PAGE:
In a scurrying ant hill, it is tempting to see a civilization, constructing its pyramids or cathedrals for generations far in the future — tempting too to consider our own societies as higher-order ant hills, each individual barely aware of their contributions to a larger force. Often these metaphors are dry, breaking down at the slightest probing, offering little beyond a shrug.
But in The Lives of a Cell, Lewis Thomas manages to create, from such simple analogies, deep and complex meaning. In this delightful collection of essays from the early 1970s, Thomas, a physician and member of the National Academy of Sciences, uses empiricism not as final truth, but as a nucleating event for greater insights into our human nature and the driving curiosity behind science.
His central thesis, conveyed steadily across each compact essay, is the fundamental need for life to interact and the whole that emerges greater than its parts. From termite colonies to human language to the biosphere itself, Thomas treats symbiosis and emergence not as special arrangements but as the natural order of things: organisms seek cooperation before annihilation.
What sets this collection apart from most science writing is that it principally focuses on forming good questions rather than leading the reader to the ‘correct’ conclusion. It is searching and expansive. The essays synthesize disparate facts into cohesive, fresh interpretations of the meaning of life — all life. Most of Thomas’ ideas, unlike the science they are based on, are untestable. Those that could be falsified may be one day. Does this detract from his insights? I hardly think so; not all things worth considering can be tested.
It is also refreshing to see a committed scientist connect his discipline to his wider interests. Language in particular fascinates Thomas, with whole essays committed to language as humanity’s anthill — our genetic inheritance to construct and improve, ceaselessly. Entire other pieces absorb the reader in the speciation of words from Indo-European roots and the surprising (or is it obvious?) parallel development of etymological and biological evolutionary theories in the 19th century.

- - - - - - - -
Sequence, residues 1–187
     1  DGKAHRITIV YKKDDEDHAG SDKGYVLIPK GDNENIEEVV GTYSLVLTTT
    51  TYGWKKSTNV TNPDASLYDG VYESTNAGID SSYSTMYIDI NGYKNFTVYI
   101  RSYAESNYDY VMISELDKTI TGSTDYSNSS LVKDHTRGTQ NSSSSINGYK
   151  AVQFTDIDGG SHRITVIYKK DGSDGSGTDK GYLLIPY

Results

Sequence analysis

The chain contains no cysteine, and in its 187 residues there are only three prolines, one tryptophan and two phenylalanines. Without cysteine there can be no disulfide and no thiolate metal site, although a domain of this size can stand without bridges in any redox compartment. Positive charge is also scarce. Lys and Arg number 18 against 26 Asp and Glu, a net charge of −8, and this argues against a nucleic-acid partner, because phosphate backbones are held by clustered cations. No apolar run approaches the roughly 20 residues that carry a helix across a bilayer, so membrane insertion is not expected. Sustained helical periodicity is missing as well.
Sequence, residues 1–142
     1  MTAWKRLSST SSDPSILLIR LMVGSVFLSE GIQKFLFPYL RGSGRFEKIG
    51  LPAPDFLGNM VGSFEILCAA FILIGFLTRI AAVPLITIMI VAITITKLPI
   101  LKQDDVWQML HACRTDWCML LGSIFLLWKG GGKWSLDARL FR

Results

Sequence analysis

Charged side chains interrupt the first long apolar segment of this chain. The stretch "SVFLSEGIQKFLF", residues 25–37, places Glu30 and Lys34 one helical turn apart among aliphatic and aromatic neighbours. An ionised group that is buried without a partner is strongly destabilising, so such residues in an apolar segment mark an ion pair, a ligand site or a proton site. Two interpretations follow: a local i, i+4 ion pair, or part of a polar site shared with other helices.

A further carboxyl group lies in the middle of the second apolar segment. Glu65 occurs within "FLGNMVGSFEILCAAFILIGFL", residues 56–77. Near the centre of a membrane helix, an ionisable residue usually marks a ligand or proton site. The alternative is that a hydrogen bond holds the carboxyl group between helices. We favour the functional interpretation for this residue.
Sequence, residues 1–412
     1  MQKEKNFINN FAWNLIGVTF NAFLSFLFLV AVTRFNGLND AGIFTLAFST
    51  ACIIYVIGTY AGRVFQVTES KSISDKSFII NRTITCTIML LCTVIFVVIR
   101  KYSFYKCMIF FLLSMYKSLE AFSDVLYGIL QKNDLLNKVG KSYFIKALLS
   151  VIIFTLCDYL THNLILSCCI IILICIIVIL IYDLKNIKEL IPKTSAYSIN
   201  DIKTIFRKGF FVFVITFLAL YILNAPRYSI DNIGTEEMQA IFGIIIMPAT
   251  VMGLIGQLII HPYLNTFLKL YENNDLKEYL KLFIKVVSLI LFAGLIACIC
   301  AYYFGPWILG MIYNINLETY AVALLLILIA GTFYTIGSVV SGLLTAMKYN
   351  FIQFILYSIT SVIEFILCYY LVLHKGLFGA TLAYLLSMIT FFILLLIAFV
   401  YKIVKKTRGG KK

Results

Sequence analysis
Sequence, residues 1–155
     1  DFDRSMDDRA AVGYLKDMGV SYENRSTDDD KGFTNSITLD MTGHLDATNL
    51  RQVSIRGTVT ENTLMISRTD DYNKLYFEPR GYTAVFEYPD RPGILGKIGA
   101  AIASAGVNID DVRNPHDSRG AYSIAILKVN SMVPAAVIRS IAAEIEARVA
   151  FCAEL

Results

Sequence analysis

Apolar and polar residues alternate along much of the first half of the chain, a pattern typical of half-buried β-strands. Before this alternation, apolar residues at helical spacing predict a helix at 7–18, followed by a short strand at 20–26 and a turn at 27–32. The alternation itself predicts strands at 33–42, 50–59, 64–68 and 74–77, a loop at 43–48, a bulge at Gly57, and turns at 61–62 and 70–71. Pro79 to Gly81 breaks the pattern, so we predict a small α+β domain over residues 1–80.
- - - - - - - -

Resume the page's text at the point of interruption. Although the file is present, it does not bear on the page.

The work is of its time, of course. Thomas writes lovingly of our endosymbiotic organelles — the mitochondria and chloroplasts that undergird all complex life — and speculates that the centriole, the fibers that properly divide chromosomes, may be the third such cellular companion. Though this is not the case, we now know, it hardly detracts from the lesson on symbiosis as a deeply entrenched force of nature.
And even 25 years after the Cold War, his appeal against Armageddon resonates still. It takes the form of a challenge: to input into a computer a complete set of knowledge about a single organism, so that the survivors of a nuclear holocaust have a head start in rebuilding biological science. The target, Mixotricha paradoxa, is a brilliant choice as it, astoundingly, comprises at least five species in close endosymbiosis. These bonds are so tight that, in place of cilia, the protozoan uses hundreds of thousands of spirochete bacteria to power its swimming through the termite’s gut, where it digests cellulose in an additional layer of collaboration.
Thomas gives the challenge a lunar-like ten years and, more optimistic about a computer’s motivations than our own, writes:
“I take it on faith that computers, although lacking souls, are possessed of a kind of intelligence. At the end of the decade, therefore, I am willing to predict that the feeding in of all the information then available will result, after a few seconds of whirring, in something like the following message, neatly and speedily printed out: ‘Request more data. How are spirochetes attached? Do not fire.’”
With such cleverness, he explores the anxieties of his time and communicates enduring lessons about the ceaselessly mysterious nature of studying biology, where each new answer only spurs more questions.
Science can tell us truths about nature; it has little to say on truths about ourselves, on how we should live, how we should feel about the world we study. Yet in contemplating the human need to search for understanding, and in attempting to synthesize a collection of biological facts into a philosophy of life, Thomas has drawn from science inspiration for a decidedly unreductive view of the creatures that inhabit our blue and green Earth.
Joyce Carol Oates, in reviewing this collection, writes:
“The Lives of a Cell anticipates the kind of writing that will appear more and more frequently, as scientists take on the language of poetry in order to communicate human truths too mysterious for old-fashioned common sense.”
Indeed, it is just this kind of poetry that elevates science — so often mistaken for dull and dry — to the the level of exploration, of wonder, of… what if!
[A version of this post originally appeared on the Haswell lab blog]